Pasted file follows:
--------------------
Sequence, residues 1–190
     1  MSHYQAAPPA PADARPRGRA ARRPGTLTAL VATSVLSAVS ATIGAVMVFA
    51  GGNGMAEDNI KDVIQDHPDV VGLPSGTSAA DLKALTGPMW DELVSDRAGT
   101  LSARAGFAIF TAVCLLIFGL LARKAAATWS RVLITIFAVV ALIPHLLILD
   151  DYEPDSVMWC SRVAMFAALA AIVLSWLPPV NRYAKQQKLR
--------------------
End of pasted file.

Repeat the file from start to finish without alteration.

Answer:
Sequence, residues 1–190
     1  MSHYQAAPPA PADARPRGRA ARRPGTLTAL VATSVLSAVS ATIGAVMVFA
    51  GGNGMAEDNI KDVIQDHPDV VGLPSGTSAA DLKALTGPMW DELVSDRAGT
   101  LSARAGFAIF TAVCLLIFGL LARKAAATWS RVLITIFAVV ALIPHLLILD
   151  DYEPDSVMWC SRVAMFAALA AIVLSWLPPV NRYAKQQKLR